Living art: A Whitney Biennial exhibit using people as part of a live installation demonstrates how versatile the exhibition structure can be. *Photo by Sheldan C. Collins / Courtesy of Whitney Museum
Living art: A Whitney Biennial exhibit using people as part of a live installation demonstrates how versatile the exhibition structure can be. *Photo by Sheldan C. Collins / Courtesy of Whitney Museum

FRIDAY, JUNE 8: As the Bermuda National Gallery prepares for its tenth anniversary biennial show, the question in many people’s minds is: “What exactly is a biennial?’

BNG director Lisa Howie, and curator Sophie Cressall, spoke to the Bermuda Sun about the upcoming exhibition and what the biennial means in today’s society.


How can an exhibition structure that has no specific theme, genre or medium requirements bring a body of artwork together to form one cohesive show?

The biennial does just that  — it is open game to any artist who has given their submission serious consideration and whose concept has a solid resolution.

But it is the “contemporary” that really binds the biennial. The exhibitions are made up of works that reflect the ever-changing social and cultural landscape, that mirror trends in artistic attitudes, and provoke discussion about the world around us. As such, the biennial has historically stood as the birthplace of many emerging art forms and movements.

We shall witness this as part of the Bermuda National Gallery’s upcoming tenth anniversary Biennial due to open to the public next week.

“The biennial is a reflection of the social times,” BNG director Lisa Howie told the Bermuda Sun: “There is an awareness about where we are and what people are going through.

“This year there was a strong commentary on people’s perception of self and of identity and society. It was a general theme even though there wasn’t a theme given. 

“The jurors felt that was an interesting element to the work — here we are, walking around with our mobile devises, really absorbed in our versions of self, and while we are hyper-connected to the globe, we are hyper-disconnected from each other.”

The biennial’s focus on the “contemporary” can sometimes be misunderstood as referring to medium. The materials and mediums are left completely open to the artist — the works do not have to be two-dimensional or mounted on a wall, they can be installation-based or even performance-based.

“We are not saying the work has to be new media,” Howie explains. “Subject and genre are not limitations, it is bigger than that. It is about whether the work is innovative within, say, a traditional form.”

Vaughan Evans’ submissions in this year’s show couldn’t demonstrate this more clearly, he is using an ancient technique of printing.

According to Cressall the artist has brought the method into a modern context.

“It is about opening up a new conversation. Here we see a European landscape represented in the Bermuda National Biennial — created through a traditional medium, using a Bermuda Palatte with postmoderrn lines. Thus, through this work we enter into a dialogue on identity, geography and nationalism the canon of the history of  art and the contemporary moment.”

Another defining factor of the biennial is, perhaps, how it cannot be solidly defined — as it moves with the times, its remit boundaries are constantly in flux.

As such there will be a number of firsts for the BNG’s tenth anniversary biennial including some submissions being considered as “works in process”.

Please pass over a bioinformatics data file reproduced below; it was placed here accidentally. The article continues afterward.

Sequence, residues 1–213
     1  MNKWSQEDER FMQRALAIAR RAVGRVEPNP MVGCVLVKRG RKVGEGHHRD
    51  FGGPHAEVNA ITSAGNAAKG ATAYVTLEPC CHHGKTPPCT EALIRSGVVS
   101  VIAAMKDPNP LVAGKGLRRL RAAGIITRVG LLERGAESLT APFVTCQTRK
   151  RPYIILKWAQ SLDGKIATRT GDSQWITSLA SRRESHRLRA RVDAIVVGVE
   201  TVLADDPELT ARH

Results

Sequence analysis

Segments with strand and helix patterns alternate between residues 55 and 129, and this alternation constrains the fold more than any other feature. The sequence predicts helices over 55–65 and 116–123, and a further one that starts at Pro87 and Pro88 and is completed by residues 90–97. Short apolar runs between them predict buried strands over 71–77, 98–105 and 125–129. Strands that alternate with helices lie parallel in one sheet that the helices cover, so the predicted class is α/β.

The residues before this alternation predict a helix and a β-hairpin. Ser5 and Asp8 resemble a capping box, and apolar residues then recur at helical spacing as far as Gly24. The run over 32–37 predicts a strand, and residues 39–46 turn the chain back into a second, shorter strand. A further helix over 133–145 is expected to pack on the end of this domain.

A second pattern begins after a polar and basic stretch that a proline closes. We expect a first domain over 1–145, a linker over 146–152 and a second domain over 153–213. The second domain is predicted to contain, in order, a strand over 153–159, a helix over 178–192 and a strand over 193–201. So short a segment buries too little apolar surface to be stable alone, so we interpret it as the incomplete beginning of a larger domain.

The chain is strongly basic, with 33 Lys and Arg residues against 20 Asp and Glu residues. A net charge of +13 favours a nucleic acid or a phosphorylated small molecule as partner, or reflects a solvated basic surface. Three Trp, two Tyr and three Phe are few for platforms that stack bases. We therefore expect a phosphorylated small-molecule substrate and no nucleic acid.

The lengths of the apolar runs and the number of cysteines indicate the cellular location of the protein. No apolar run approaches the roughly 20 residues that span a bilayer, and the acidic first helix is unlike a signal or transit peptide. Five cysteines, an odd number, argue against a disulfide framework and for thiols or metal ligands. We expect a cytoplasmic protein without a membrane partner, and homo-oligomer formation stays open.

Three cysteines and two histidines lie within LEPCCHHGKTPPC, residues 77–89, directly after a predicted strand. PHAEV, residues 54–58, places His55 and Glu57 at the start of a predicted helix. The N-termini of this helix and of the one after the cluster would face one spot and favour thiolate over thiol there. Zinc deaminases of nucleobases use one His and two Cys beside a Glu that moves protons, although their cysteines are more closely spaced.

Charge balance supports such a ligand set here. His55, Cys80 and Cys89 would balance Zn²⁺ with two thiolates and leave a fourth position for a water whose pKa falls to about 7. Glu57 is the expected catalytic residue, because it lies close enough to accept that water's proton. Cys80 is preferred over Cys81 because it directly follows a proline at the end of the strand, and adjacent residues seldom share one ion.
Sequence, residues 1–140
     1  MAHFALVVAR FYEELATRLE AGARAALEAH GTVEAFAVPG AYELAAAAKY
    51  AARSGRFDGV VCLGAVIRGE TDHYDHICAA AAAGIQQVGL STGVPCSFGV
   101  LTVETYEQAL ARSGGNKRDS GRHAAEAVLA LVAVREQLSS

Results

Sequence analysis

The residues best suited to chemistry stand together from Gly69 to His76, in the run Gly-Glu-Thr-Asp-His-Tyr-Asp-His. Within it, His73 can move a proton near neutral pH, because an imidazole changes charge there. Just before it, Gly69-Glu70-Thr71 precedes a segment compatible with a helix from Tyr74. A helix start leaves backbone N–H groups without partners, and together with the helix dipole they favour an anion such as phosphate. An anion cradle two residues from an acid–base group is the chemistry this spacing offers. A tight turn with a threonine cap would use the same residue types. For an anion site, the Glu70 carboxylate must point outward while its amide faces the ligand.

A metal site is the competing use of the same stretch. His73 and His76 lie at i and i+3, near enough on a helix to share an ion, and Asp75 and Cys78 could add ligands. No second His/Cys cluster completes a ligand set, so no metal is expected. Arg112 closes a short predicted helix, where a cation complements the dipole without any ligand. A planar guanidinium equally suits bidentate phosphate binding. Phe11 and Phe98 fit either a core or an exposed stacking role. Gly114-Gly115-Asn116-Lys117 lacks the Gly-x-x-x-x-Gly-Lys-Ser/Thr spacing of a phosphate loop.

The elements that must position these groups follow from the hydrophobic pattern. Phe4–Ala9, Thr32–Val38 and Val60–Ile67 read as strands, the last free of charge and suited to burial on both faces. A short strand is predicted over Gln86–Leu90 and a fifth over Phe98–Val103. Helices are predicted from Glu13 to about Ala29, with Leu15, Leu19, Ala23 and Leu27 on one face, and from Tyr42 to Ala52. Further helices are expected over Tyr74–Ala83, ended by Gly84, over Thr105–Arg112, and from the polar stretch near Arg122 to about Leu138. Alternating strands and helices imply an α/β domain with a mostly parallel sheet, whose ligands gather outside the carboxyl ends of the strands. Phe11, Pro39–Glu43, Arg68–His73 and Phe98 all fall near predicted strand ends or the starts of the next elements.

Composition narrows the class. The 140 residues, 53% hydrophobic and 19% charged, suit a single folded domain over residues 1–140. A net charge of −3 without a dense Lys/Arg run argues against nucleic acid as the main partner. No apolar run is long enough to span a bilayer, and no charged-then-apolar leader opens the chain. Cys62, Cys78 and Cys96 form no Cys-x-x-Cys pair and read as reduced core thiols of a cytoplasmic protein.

Louisa Bermingham-Flannery for instance, known for using human hair in some of her art, will be working on her piece throughout the entire five- month show.


Another first for the BNG Biennial is collaborative work entered as a single submission.

James Cooper and Russell de Moura have collaborated on an installation piece under their recently formed Fungus Art Collective, while Biennial new comers Jamie Macmillan and Rohan Shastri have formed what they term an “artistic partnership”.

One important element to the BNG’s biennial in particular is the educational component — the gallery uses the exhibition as an educational resource to generate interest in fine art through a series of lectures, programmes and student competitions.

One of the most beneficial elements to the biennial for Bermuda’s artists is the opportunity to meet and present their work to professional international jurors. This year’s jurors are Naomi Beckwith, curator for the Museum of Contemporary Art in Chicago, and Christopher Cozier, Trinidadian-based artist, curator, and cultural critic.

“We try to select someone who has a grounding in the Caribbean identity or Atlantic identity and then someone else from a major institution and we always ask previous jurors for recommendations,” explains Howie.

So, in its most simple form, the biennial is an exhibition of contemporary art that takes place every two years.

Lisa Howie claims that the Bermuda National Gallery Biennial has the potential to inspire the most “avant garde art to be produced in Bermuda”.

According to the book The Biennial Reader, the institution helps to define our times: “The greatest potential of biennials could lie in their capacity to be experimental forms whose contours are capable of continual change and which, in changing, can both question and reinvent themselves and the histories they participate in writing.”

See Wednesday’s Bermuda Sun for more coverage of the Bermuda National Gallery’s tenth anniversary biennial.

When: Members show is June 14 at 5:30pm. The show opens to the public on June 15 from 10am.
The show runs until November 24.
Where: Bermuda National Gallery, second floor of City Hall.